Technically, you don't need to know. All you really need to know is the method of training that produces results.
Did humanity only start exercising our muscles now that we know a bunch of stuff about the mechanics via modern science? No. What we had was eons of efforts, successes, failures, refinement, adaptation, and evolution, all of which combined to produce a variety of working training methodologies (not to be confused with mcdojos) from long before modern science got a crack at pinpointing the exact mechanics. Even after determining very specific mechanics, modern exercise didn't actually change a whole lot, despite a bunch of products being marketed as "this product changes everything!". We do now have a bunch of products that assist us, but push ups are still push ups, and stomach crunches are still stomach crunches, and running/jogging is still running/jogging.
The same thing goes for metaphysical workings, minus the whole science figuring out the specific mechanics so far. The best thing to look forward to when science determines the specific mechanics of psi will be in the refined training regime that excludes a bunch of extraneous things while including things that may currently be undersold, along with a much greater amount of certainty that people can place in their training, and the acknowledgement of multiple forms of training (ie, you don't "have" to do push ups. You can do other arm exercises instead. But you can still do push ups, if that works for you, or if you're too poor to afford multi thousand dollar exercise machines >_> ).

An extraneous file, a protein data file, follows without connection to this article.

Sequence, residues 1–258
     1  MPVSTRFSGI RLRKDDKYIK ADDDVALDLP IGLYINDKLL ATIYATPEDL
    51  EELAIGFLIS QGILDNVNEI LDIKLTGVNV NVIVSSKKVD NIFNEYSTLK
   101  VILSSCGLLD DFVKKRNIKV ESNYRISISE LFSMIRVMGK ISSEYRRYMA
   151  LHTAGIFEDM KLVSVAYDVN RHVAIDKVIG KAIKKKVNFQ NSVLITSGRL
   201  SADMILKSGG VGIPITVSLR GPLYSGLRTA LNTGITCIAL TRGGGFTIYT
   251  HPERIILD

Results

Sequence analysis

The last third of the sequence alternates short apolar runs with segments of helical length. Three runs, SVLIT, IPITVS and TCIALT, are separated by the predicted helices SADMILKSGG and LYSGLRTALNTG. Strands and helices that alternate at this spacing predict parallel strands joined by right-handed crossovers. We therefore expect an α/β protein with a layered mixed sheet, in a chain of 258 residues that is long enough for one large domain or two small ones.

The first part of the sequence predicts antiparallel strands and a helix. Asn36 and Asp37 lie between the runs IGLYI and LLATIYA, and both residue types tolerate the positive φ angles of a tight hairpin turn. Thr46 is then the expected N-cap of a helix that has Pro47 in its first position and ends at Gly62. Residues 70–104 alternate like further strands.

You don't need to know "how" or "why" of the mechanics. You just need to have a working system that you can follow. But where do working systems come from? From people who have achieved these things. Or people who lie and claim they have. How does a lay person tell the difference? Difficultly. If the person producing the system can verify it to the person who wants to learn, that goes a long way towards the learner being able to trust the system while they start doing it. If the person who created the system isn't "present" to prove it, then others who have been through the system might be able to. If they aren't present either, then the learner must try the system out for themself, see if it works for them, and if it doesn't then go onto the next system and painstakingly repeat the process over and over again until they find a system that works or they give up.